Working in partnership with social studies learning specialists in South Carolina, we were given the task of supporting students in using high level contextual vocabulary when writing, demonstrating understanding or discussing their learning.
The district wanted to use this strategy as part of a broader initiative to build learning power in students through meaningful collaboration, and to support the transition from quantitative to qualitative learning, where understanding was prioritized over “knowing.”
We started by combining tried and tested strategies to create a sequential learning journey where, rather than merely knowing what essential vocabulary meant, students were able to build connections between key terminology to demonstrate a deeper level of understanding.
Collaborative concept mapping
Step 1. Teachers used Verso “Connect the Dots” templates to create vocabulary tickets.
Groups of students were then asked to place these on a sheet of chart paper and write down everything they associated with each keyword. Each student was given a different coloured pen, not just to provide a level of accountability, but so the teacher could see who had shared each idea and as she walked around each group, could gain insight into individual understanding and use questioning to encourage students to dig deeper.
Step 2. Once complete, students were asked to think about how each of these keywords were connected. The time had come to “connect the dots” by drawing lines between ideas that they thought were related to each other. For every line drawn, a brief explanation of the connection had to be added. (Note: Stages 1 and 2 can also be for collaborative note taking or revision)
Step 3. Now that students had surfaced their collective understanding, the teacher revealed the question she would like individual students to be able to answer in order to demonstrate their understanding.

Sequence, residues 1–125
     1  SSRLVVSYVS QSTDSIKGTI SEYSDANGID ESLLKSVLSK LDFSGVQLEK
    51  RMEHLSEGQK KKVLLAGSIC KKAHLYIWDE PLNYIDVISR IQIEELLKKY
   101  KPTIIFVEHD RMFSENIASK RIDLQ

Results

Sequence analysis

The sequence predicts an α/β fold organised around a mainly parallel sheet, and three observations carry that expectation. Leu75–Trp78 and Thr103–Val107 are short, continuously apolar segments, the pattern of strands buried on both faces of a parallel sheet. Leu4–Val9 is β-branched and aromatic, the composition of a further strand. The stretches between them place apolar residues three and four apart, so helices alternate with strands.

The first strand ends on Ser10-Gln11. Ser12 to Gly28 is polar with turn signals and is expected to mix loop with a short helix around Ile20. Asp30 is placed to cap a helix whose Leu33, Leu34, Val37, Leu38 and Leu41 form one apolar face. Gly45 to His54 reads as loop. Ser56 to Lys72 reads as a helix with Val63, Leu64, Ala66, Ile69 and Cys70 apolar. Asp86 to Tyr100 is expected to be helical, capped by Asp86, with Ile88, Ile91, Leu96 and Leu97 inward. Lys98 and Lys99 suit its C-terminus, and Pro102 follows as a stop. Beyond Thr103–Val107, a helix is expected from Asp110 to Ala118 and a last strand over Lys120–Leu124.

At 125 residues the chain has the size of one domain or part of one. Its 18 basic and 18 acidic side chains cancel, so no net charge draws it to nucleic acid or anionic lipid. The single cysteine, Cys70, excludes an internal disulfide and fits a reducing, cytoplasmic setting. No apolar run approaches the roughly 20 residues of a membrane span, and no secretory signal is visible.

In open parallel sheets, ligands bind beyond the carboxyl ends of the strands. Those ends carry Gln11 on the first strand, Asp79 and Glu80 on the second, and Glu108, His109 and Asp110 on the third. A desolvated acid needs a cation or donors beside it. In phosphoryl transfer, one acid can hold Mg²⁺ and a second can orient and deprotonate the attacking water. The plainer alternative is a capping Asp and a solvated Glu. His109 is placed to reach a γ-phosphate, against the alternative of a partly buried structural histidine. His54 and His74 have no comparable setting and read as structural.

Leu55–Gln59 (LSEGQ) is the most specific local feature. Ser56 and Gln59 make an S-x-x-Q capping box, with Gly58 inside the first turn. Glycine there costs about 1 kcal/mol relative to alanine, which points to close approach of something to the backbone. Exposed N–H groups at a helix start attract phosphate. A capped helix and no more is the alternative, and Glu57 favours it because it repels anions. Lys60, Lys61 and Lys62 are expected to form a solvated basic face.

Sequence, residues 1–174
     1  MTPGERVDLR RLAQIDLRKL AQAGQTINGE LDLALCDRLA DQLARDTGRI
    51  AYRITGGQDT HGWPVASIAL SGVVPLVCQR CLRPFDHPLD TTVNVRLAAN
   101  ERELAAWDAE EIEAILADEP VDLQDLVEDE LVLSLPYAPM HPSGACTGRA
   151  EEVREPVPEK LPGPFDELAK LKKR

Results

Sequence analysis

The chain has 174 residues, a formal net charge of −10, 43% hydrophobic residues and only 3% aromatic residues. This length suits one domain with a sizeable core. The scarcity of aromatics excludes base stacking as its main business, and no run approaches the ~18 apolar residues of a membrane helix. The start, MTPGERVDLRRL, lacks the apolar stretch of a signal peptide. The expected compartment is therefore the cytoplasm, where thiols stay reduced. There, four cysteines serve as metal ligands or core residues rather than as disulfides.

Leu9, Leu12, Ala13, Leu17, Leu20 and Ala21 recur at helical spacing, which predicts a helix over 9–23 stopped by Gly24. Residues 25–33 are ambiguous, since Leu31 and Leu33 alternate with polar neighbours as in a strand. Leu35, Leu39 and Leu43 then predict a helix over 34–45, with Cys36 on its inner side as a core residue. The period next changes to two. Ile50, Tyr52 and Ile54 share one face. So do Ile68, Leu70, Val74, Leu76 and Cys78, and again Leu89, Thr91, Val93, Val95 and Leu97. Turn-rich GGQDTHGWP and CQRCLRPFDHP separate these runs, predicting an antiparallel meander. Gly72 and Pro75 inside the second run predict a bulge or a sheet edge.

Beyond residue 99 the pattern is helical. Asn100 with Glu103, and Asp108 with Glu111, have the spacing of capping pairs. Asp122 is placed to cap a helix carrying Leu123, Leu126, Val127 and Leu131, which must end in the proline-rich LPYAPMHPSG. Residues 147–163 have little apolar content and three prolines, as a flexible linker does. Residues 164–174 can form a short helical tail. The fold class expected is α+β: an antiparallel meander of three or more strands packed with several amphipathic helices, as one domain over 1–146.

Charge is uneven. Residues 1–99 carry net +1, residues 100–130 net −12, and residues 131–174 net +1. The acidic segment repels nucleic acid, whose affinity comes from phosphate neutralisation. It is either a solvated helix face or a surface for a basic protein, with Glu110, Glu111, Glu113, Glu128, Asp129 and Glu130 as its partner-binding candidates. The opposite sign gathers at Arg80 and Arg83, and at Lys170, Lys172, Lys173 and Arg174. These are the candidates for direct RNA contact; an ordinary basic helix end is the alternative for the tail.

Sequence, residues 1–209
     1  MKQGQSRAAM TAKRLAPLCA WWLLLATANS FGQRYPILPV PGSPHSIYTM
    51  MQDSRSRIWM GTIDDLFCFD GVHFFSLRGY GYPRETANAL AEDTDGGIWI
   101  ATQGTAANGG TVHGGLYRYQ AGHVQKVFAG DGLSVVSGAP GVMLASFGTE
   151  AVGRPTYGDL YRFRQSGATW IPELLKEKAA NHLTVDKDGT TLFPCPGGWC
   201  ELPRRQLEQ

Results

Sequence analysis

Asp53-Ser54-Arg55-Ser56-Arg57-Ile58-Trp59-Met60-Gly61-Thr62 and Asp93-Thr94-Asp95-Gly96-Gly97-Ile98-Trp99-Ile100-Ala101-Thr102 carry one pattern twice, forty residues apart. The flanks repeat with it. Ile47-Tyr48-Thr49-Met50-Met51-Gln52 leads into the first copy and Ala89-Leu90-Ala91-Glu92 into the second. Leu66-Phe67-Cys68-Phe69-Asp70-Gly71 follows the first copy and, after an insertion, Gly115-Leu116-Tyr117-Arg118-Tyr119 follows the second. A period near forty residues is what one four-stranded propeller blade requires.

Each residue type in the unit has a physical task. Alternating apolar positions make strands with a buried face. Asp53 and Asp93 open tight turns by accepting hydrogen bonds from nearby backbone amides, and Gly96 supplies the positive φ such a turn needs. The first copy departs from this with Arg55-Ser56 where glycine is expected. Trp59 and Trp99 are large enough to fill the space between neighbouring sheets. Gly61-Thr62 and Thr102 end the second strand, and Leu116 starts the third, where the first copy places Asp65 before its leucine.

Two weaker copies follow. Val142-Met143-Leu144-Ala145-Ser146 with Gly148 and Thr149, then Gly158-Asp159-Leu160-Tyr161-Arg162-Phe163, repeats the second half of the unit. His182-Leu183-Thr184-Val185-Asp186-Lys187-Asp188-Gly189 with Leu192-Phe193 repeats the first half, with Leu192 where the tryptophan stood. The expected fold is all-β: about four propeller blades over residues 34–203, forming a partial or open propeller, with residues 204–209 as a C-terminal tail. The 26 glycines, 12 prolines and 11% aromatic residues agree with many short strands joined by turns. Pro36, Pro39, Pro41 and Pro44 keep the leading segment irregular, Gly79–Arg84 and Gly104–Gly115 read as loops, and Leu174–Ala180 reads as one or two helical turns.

Question: “Use evidence from your research to explain the economic, political, and social factors which lead up to the American Revolution”.
Step 4. Students were required to use a new sheet of chart paper to reorganize the vocabulary cards sequentially to create a framework for their written responses. At this point, students were asked to remove any cards they thought were not essential to answering the question but they had to be able to explain why. Each group was given blank tickets so they could add other vocabulary that they considered essential.
Once complete, students used the “three stray, one stay” learning walk approach to see how other groups had elected to organize. The person staying behind in each group was tasked to walk and talk visitors through both their thought process and rationale for arranging the vocabulary cards in the way that they did, and in doing so, share their approach to answering the question set by their teacher.
This video captures one student’s explanation to the visiting group.
On returning to their tables, students were invited to review and possibly rethink their group’s layout based on what they had seen and heard on the learning walk.
Now every student was ready to write.
For the written assignment, the teacher wrote the question into a Verso Collaborative Activity using a template from the Verso Library to save time. She then added all of the contextual (Tier 3) vocabulary that the students had been manipulating to develop their response to the question. She then used the Tier 2 vocabulary box to add any academic language students might need to use to develop their explanations
Each student used their group’s vocabulary cards to develop a written response to the set question.
Once complete, students were able to view each other’s responses and the teacher could see the vocabulary that each student used highlighted in their responses, along with a word cloud showing the use of key vocabulary by the whole class.
This was used by the teachers to generate rich discussion about the reasons why some terms were more widely used than others.
Step 6: Peer Review
Finally, students were asked to use the following rubric to assess their own response, before using it to evaluate at least one other student’s work. They had to first state the level they believed each respondent was working at, offering evidence and reasons to support this assessment, and then use their vocabulary maps to make recommendations that would bump their response up to the next level.
Verso’s peer anonymity allowed students to focus on the ideas rather than the individual.
Give it a go